Nearly a year and a half ahead of the 2020 election, a host of Democrats have already announced presidential runs and are gearing up for a bruising campaign.
One rung down from the national political slugfest, however, is Jaime Harrison, the associate chair of the Democratic National Committee, who recently formed an exploratory committee as he takes aim at Republican Sen. Lindsey Graham’s South Carolina seat in the U.S. Senate.
Harrison spoke about his experience in politics and encouraged students to get involved at a talk at Scripps College March 1. At the event, hosted by the Democrats of the Claremont Colleges, Harrison acknowledged that South Carolina typically votes Republican but thinks he has a chance.
“It’s not going to be easy, but there’s a path,” said Harrison, also the former chair of the South Carolina Democratic Party. “If I can get … Democrats along with some of these Republicans who don’t like [Graham], then we can pull together a coalition that gets me across the finish line.”
“I always stress to young people, particularly young people of color, the importance of getting involved in having a voice heard and making sure you and the community you come from is represented,” Harrison said.
The 2018 election ushered in the most diverse Congress in history, and Harrison emphasized the importance of having diversity among staffers as well.
“If you know anything about Congress, you understand that a lot of policy gets made on a staff level, not even when members are in the room,” Harrison said.
In an interview with TSL prior to the event, Harrison said his run for the Senate was partly motivated by Graham’s angry statements accusing Democrats of conducting an “unethical sham” during last fall’s Senate Judiciary Committee hearing, during which Christine Blasey Ford accused Supreme Court Justice Brett Kavanaugh, then a nominee, of sexually assaulting her. Graham now chairs that committee.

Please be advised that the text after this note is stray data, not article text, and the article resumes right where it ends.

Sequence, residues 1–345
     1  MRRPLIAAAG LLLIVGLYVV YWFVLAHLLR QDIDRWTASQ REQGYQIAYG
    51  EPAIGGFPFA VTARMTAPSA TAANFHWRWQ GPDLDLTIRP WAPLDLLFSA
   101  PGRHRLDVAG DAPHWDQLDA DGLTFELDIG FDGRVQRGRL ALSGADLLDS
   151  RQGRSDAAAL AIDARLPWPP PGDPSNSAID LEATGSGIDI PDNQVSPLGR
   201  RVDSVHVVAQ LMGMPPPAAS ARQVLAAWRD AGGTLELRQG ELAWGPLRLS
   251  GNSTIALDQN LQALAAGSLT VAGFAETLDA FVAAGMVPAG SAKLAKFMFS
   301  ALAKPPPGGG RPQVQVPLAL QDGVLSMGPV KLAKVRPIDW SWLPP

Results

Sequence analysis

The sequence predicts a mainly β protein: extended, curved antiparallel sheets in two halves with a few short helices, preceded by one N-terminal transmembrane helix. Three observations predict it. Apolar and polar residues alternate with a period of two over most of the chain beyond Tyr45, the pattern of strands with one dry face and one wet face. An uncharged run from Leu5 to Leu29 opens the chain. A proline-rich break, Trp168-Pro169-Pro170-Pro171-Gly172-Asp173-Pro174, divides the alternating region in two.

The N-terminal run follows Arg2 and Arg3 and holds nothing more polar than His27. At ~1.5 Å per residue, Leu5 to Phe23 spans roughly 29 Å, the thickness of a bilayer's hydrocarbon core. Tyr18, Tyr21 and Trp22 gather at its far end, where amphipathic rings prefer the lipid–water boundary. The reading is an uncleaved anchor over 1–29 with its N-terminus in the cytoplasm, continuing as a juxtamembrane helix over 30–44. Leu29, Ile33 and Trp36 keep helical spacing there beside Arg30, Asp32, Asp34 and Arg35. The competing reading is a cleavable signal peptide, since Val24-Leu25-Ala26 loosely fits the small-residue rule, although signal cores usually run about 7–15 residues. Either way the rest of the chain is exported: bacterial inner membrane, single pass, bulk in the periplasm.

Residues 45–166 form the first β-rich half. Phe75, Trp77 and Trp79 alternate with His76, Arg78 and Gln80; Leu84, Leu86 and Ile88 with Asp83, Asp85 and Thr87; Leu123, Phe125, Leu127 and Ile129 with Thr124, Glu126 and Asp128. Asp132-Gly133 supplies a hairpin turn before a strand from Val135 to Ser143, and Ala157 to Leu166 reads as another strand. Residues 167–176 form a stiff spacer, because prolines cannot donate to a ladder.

“I saw the performance of [Graham], and it just didn’t sit well,” Harrison said. “I totally believe if you’re for Kavanaugh, you can be for Kavanaugh, but you don’t have to demonize the women.”
Harrison also criticized Graham for being too focused on gaining the approval of President Donald Trump. Harrison said his priority is his home state.
“We need someone right now in Washington, D.C. who is going to fight for the people of South Carolina first and foremost, before president, before party, always looking to push what’s in the best interest of the state and citizens,” Harrison said.
Harrison admitted there are differences between the Democrats he was visiting in California and the ones in his native South Carolina.
“I always stress to young people, particularly young people of color, the importance of getting involved in having a voice heard and making sure you and the community you come from is represented” – Harrison.
“I would say probably the Democrats in California are much more progressive than in South Carolina, but ultimately I think we all want the same thing,” Harrison said.
Immigration is not as much of a “hot button issue” in South Carolina as it is in California, Harrison said.
Instead, he said climate change, health care, infrastructure and education are the main issues he’d like to address.
As of 2017, 11 percent of South Carolina’s population lacked health insurance, according to the Kaiser Family Foundation, the eighth-highest rate in the country. With regard to infrastructure, Harrison wants to fix the roads and bridges, which he said are “falling apart,” and improve broadband communication to address dead-zones in the state.
He also discussed the issue of student debt, and said he graduated from college with $160,000 in student loans.
“Yet there are people in Congress who are trying to make it even more difficult for young people in terms of the interest rates,” Harrison said.
Selena Lopez PO ’22, who is from Charleston, South Carolina, said she intends to vote in the 2020 election.
“Hopefully, people in South Carolina stray from the norm of voting Republican and see that Harrison is a strong and capable candidate to hold the SC senate seat,” she said via message.
However, Jaida Potts PO ’21, also from Charleston, said she thinks Democrats are “absolutely not” going to win the election in South Carolina, citing the state’s past preference for Republican politicians. Graham won his 2014 race by nearly 20 percent of the vote.